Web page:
With tech native start-ups entering the market, and large corporates investing millions to try to stay ahead of the competition, Bowmark held a roundtable with mid-market information and data providers to discuss the impact of this transformative technology on their futures. Does AI and applications like ML represent revolution or evolution? How should companies capitalise on the opportunities they offer?
At first glance, it may seem obvious that a data provider would leap at the opportunities afforded by AI – for example, to create new enriched datasets, to drive predictive analytics and to deliver greater operational efficiency. The results of Bowmark’s pre-roundtable survey seemed to confirm this, with more than two-thirds of respondents viewing AI as an opportunity and having invested in projects to implement it.
At the same time though, 60% did not believe that AI would transform their businesses within the next five years. At Bowmark’s roundtable, we examined this dichotomy.
A welcome change?
Sam Herbert, CEO of software development consultancy 67 Bricks, pointed out that AI is not new. However, cheaper processing power and the ability to store more data in the cloud have made its widespread application possible. As he put it, “AI is code that gets better with experience”.
The general view was that AI represents a once-in-a-generation opportunity for data companies. However, it also has disruptive implications for mid-market players, with new AI-native competitors entering the space. Most of Bowmark’s AI survey respondents cited the increased competitive environment from AI as their biggest potential threat.
Sam Herbert sounded a word of warning: “We are in the age of AI. Just like the industrial revolution, introduction of computers or creation of the internet, the fundamental changes that AI brings to how businesses operate, mean you must accept and use it to survive.” The question is how best to apply it to a data and insight company with decades of experience of a particular sector, seeking to utilise these new technologies to improve the intelligence its customers value so highly.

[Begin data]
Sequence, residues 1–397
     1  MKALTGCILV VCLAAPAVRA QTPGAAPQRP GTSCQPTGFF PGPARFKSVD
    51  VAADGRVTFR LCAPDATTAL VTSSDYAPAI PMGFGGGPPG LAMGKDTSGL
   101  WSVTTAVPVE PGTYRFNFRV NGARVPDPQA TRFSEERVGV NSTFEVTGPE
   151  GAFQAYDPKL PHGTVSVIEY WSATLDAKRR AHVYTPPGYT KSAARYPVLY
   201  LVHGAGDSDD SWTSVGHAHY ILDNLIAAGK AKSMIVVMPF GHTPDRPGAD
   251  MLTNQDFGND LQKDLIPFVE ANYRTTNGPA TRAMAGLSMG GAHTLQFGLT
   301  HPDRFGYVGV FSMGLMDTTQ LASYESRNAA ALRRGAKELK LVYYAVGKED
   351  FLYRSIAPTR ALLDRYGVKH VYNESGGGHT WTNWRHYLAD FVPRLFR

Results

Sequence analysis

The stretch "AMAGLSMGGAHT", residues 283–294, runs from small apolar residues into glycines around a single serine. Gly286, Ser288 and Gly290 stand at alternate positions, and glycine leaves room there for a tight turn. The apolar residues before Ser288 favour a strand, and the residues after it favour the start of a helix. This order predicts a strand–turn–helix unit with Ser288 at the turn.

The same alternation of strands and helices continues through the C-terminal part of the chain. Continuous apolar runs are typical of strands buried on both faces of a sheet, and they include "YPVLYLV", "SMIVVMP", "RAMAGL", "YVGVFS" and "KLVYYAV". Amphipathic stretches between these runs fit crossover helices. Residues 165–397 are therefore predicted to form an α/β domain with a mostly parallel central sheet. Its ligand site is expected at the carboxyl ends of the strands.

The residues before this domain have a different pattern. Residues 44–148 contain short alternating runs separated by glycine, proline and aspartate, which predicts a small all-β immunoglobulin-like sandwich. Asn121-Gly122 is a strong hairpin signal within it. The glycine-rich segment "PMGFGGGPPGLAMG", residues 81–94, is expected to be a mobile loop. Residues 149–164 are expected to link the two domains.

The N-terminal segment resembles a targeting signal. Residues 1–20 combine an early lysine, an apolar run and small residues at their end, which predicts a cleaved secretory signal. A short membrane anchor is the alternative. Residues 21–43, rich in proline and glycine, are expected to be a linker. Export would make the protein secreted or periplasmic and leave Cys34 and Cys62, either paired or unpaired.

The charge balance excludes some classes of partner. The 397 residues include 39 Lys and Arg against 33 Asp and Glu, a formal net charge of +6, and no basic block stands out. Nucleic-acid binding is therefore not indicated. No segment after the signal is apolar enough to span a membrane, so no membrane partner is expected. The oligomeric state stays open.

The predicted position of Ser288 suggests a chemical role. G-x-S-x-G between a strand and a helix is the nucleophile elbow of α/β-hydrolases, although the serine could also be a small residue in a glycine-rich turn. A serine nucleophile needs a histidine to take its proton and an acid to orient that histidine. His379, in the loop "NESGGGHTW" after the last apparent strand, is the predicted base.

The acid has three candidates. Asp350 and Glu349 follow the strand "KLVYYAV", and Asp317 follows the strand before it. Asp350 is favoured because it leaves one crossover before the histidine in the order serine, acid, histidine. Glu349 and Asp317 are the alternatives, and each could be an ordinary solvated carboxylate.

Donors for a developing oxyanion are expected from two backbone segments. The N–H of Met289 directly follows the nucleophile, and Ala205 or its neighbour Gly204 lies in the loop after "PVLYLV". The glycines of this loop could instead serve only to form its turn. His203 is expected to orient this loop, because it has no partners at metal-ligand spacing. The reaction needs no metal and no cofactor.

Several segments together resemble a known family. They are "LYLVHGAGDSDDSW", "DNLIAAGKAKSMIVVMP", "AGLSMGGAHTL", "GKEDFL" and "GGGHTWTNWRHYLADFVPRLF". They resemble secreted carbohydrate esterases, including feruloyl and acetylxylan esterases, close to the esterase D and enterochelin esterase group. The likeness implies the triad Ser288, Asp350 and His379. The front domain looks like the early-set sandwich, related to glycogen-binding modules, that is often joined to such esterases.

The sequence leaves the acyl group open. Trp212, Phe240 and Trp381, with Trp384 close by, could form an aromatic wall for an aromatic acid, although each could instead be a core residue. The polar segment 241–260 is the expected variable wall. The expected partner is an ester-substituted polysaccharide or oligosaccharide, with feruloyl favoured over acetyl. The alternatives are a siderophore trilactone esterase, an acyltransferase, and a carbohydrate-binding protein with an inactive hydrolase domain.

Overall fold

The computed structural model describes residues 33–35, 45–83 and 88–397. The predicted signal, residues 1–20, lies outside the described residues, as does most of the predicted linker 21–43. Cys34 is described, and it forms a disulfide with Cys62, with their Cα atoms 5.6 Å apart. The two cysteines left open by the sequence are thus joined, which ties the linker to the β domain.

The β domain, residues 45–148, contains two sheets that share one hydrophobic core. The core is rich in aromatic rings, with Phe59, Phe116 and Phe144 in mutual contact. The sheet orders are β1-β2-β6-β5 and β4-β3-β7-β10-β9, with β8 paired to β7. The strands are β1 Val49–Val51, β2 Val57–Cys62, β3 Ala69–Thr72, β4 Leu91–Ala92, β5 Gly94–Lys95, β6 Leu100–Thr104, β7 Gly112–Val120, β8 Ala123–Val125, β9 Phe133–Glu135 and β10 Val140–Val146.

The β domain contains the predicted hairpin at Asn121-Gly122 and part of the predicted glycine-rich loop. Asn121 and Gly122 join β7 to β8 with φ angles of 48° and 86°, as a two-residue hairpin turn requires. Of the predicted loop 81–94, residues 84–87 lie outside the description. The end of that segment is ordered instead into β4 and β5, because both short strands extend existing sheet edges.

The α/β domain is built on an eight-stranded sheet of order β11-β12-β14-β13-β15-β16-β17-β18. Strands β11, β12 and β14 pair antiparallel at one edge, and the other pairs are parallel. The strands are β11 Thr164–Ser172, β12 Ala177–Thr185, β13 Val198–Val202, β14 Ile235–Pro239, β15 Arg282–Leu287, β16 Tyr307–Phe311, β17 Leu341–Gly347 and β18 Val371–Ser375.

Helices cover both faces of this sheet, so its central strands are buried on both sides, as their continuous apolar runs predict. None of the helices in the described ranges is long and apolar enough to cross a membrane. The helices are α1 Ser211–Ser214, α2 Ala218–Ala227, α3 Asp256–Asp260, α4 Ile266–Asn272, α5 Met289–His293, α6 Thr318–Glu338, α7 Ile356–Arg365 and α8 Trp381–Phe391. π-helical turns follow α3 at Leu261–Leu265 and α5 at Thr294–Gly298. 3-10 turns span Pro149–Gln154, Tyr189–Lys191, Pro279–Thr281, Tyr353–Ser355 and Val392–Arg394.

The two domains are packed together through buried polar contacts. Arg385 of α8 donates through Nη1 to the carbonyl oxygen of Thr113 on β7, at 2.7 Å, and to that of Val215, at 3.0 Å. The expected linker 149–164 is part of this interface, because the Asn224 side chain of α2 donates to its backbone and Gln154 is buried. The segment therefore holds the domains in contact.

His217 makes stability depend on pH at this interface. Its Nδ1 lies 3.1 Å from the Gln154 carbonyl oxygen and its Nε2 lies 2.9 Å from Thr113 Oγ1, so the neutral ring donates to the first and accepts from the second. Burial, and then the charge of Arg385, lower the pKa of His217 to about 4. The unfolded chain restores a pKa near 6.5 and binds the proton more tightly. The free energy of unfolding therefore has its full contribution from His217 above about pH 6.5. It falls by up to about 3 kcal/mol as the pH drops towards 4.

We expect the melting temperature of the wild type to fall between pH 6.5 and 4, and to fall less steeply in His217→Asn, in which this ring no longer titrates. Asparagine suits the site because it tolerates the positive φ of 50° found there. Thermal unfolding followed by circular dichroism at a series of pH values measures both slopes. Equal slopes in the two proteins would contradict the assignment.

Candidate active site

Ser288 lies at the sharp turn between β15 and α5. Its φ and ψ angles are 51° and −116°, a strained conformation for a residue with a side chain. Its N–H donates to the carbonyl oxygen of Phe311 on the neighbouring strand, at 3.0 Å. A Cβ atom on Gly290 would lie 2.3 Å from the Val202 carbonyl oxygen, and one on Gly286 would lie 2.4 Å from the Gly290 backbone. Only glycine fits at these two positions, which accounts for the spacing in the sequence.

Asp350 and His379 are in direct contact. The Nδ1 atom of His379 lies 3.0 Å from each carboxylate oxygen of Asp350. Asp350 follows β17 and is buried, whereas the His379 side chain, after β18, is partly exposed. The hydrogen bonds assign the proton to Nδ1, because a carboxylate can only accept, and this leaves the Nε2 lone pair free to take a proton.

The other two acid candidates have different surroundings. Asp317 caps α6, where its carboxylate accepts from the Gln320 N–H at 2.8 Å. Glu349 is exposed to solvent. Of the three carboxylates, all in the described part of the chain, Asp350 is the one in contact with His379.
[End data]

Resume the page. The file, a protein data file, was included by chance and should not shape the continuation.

This may be at the heart of the hesitation that our survey respondents expressed about the short-term impact of AI. There was common agreement that trying to remove the human element too quickly, or entirely, would jeopardise the sourcing or integrity of information.
“Intelligence sourced from engrained relationships is hard to disrupt. AI can be used to enrich the intelligence, data and even the relationship interaction, but people still have a fundamental role to play,” argued entrepreneur Minaxi Kesra, Co-Founder of CapitalStructure. Another participant agreed: “Insights are derived from the creation of a hypothesis and the testing of that hypothesis – you can’t get that with AI.”
The engrained relationships and industry knowledge that fuel data collection are hard to disrupt. Established and respected data and insight providers retain a powerful lead on emerging competitors. “Credibility is the barrier to entry for new entrants using AI,” noted Neil Bradford, CEO of General Index. “A new company must have a deep understanding of the target market and an established network to be able to persuade customers to buy its product.”
That said, Jonathan Bloch from Exchange Data International counselled: “In a digital age, public data is easier to disrupt, especially if there is high pricing by incumbents – this creates a clear opportunity for AI-based services.”
There was general agreement that established players had a competitive advantage which gave them a head start on the implementation of AI-based applications. The question remained how AI should best be introduced, and what was the ultimate goal of investing in these solutions.
Revolution or evolution?
Most survey respondents rated efficiency in data processing and the improved insights this provides as the main ways that AI can benefit their businesses. That was borne out in the discussion, with one of the biggest drivers to AI adoption seeming to be the cost advantages it brings to data collection, particularly in gathering large volumes of publicly available data.
However, Neil Bradford encouraged data and insight companies to view the change as more fundamental: “The possibilities of AI are greater than better analysis of data or making processes more efficient – they should lead to a cultural change where code and technology are the foundations of the business.” He gave the example of media companies, where many tasks previously undertaken by journalists have been coded and are now performed by ML. Traditional media businesses are fast becoming technology companies.
While introducing smart data is a first step, Sam Herbert described a ladder which data providers will want to climb. The next rung is “personalisation” – supporting workflow and user experience in a way that would not be possible manually. The pinnacle will be generating predictive insights, based on historical data combined with statistical modelling.
Julian Masters, Managing Partner at Bowmark Capital, summarised: “AI is not a replacement for business culture and relationships, and in the data and insight industry there remains a real need for deep domain expertise and human interaction. This is an inherent advantage for established mid-market players.
“The sector is already exploiting the cost advantages and efficiency benefits that AI in data management can deliver. However, at Bowmark, we believe that AI offers even greater potential for those companies that see it as a fundamental business enabler.”
Rather than viewing AI simply as an add-on to enhance profitability, Bowmark suggests that to be most effective, AI needs to drive real change in how businesses are configured, improving their value proposition and user experience. We are helping the companies we have backed, such as IWSR and Pirum, to capitalise on this transformative opportunity.